A CPOE system may have order-related educational information that is too voluminous to intercalate into the “usual” order entry screen. Under such circumstances, the CPOE system can present links for users to select (“click on”) that lead to a separate screen/window providing the relevant textual information. The Medicator CPOE system in Amsterdam displays links to relevant drug guidelines and formulary information . The Vanderbilt Patient Care Provider Order Entry with Integrated Tactical Support study  provided links to pharmacotherapy-related information (illustrated by the “GenRx” and “WizRx” links on the right margin of pane #3, Fig. 2), and reference material for diagnosis in internal medicine. On-line Fig. 19 provides an example, in pane #5, of displaying an evidence-based summary of what is known about a specific drug interaction (selected by the user from the drug interaction warnings list of Fig. 19, pane #2). In the BICS system, as clinicians review recommended drug doses for patients with renal impairment, they can display of the data used to calculate creatinine clearance using a keyboard shortcut link .
By presenting stepwise instructions in context, CPOE systems help users to carry out discrete tasks. Fig. 2 presents the default “minimum” type of advice that WizOrder provides for order construction; Fig. 14 provides a more complex example whereby the user is sequentially prompted, through questions and answers, to order the most appropriate form of cyclosporine for the patient. The BloodLink-Guideline system  directs blood test ordering decisions by first having the clinician select the appropriate guideline, then presenting a menu of related indications, and finally, presenting a menu of relevant tests for a selected indication.
Order sets are pick lists containing constituent individual “pre-specified” full orders, often representing standardized protocols. Fig. 4 illustrates a portion of the WizOrder order set for “acute coronary syndrome.” Order sets are often presented in hierarchies for easy access, organized by Clinical Department [40,59] by organ system or by clinical diagnosis, condition or procedure [57,76,89]. While picking orders from order sets may be viewed as disruptive to the usual workflow of creating individual orders, in many CPOE systems, appropriate use of order sets can increase users’ time-efficiency  and promote completeness and correctness of orders . The BloodLink-Guideline, test ordering system used guideline-driven order sets to achieve a 20% reduction in test ordering .
Pop-up alerts can present clinically important information (in a separate user interface window) that must be “acknowledged” by the user before resuming previous CPOE activity. Use of such interventions is typically viewed by users as disruptive, and should be reserved for only the most severe clinical indications. “Pop-up fatigue” can occur when too many alerts of this type disrupt clinical workflows . In both the BICS system  and WizOrder , pop-up windows alert physicians when excessive chemotherapy doses are ordered. On-line Fig. 20 illustrates how a WizOrder user is notified that the most recently laboratory test ordered will be “sent out” to a reference laboratory for completion, and provides advice on how to optimize ordering with respect to institutional policies regarding reimbursement for testing. This mechanism is used in both the BICS system and WizOrder to display hospital approved drug substitution regimens. For example, in BICS, if any other histamine-2 blocker is ordered, a pop-up informs the user that nizatidine will be substituted . Fig. 21 shows a corresponding WizOrder drug substitution pop-up (implemented as an advisor, method 6 below). Fig. 16 shows how the RASS exit check was implemented as a pop-up alert in WizOrder. Fig. 12 illustrates how WizOrder uses the pop-up method to present a drug interaction alert.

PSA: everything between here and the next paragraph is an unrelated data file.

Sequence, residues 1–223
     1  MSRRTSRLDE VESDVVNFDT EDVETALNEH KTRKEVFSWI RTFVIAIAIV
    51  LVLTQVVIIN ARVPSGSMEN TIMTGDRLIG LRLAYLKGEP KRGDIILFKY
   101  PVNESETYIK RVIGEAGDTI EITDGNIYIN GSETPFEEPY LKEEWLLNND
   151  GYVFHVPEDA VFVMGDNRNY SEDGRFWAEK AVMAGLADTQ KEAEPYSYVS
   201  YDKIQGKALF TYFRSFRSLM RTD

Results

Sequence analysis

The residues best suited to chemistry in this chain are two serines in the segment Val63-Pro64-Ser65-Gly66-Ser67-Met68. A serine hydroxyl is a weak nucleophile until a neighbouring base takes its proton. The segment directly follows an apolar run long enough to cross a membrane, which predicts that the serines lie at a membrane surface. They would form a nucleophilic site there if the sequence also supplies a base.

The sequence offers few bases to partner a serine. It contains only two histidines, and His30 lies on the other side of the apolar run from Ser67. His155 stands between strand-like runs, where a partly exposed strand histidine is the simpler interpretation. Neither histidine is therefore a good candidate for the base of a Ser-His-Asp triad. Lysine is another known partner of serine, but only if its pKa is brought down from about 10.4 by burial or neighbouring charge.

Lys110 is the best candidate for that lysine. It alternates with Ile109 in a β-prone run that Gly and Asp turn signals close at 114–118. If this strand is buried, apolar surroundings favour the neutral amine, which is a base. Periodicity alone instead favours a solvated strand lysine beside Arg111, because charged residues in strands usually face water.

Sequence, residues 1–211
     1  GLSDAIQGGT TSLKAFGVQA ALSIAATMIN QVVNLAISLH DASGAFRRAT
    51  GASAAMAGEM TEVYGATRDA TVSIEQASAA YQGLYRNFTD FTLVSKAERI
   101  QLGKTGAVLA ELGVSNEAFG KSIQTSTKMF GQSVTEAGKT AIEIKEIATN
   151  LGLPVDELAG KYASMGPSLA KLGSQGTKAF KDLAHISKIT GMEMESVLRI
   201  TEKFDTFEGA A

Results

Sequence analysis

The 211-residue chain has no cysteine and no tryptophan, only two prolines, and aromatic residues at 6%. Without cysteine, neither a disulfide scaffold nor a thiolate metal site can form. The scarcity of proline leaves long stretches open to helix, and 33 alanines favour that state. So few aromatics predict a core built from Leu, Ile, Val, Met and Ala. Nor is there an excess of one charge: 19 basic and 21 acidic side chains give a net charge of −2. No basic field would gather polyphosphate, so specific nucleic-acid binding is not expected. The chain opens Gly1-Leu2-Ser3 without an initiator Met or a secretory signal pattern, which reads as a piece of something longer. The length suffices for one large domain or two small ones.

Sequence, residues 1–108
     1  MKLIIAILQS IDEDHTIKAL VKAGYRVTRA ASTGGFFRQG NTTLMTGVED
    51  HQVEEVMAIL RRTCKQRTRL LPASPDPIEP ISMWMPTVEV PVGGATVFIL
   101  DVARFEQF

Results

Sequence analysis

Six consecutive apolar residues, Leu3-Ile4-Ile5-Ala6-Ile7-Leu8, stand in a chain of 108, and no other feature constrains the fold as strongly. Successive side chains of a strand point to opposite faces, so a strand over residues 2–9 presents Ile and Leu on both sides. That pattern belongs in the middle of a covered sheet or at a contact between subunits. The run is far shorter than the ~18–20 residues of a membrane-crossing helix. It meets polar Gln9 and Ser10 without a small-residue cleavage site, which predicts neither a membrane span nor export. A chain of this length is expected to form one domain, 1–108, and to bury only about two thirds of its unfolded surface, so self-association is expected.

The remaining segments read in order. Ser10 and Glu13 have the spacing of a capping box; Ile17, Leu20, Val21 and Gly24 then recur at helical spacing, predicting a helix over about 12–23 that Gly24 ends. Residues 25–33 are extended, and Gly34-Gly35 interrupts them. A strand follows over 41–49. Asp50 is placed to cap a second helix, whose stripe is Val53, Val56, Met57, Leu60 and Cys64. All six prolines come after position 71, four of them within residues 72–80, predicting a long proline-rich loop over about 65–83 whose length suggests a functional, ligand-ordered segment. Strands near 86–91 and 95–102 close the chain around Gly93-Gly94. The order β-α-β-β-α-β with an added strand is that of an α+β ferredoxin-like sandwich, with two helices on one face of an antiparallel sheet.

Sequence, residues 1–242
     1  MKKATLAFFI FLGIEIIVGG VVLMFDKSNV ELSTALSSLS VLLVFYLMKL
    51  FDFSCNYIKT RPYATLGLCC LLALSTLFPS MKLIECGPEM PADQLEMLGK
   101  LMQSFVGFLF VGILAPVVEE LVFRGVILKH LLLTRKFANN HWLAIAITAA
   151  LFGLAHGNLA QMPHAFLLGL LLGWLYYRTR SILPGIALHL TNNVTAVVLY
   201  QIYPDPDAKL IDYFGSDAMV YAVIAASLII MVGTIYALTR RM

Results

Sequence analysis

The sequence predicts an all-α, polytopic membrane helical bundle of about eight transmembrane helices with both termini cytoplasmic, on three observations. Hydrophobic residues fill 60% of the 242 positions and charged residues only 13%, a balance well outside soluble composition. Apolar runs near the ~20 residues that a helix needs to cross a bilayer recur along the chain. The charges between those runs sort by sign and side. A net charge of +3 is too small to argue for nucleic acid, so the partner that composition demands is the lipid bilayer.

The most complex form of decision support is an interactive advisor that integrates patient-specific information (laboratory results, active orders, weight, allergies, etc) with complex guidelines or protocols, and presents calculated/derived information to the user for decision-making, typically involving a two-way dialogue between the application and the user. Complex advisors may combine educational advice, “calculators” for patient-specific dosing, and other functionality in one screen. The LDS Hospital in Salt Lake City uses an antimicrobial advisor to assist clinicians in determining treatment for microbial diseases . The LDS advisor analyzes patient data and laboratory results in order to determine likely pathogens and then determines the optimal treatment for the patient, including factors such as patient allergies and local patterns of antimicrobial functions into its assessment . In WizOrder, the web-browser pop-up window is used to dynamically generate patient-specific advisor content [49,50]. Fig. 22 illustrates the WizOrder total parenteral nutrition (TPN) ordering advisor for the neonatal intensive care unit.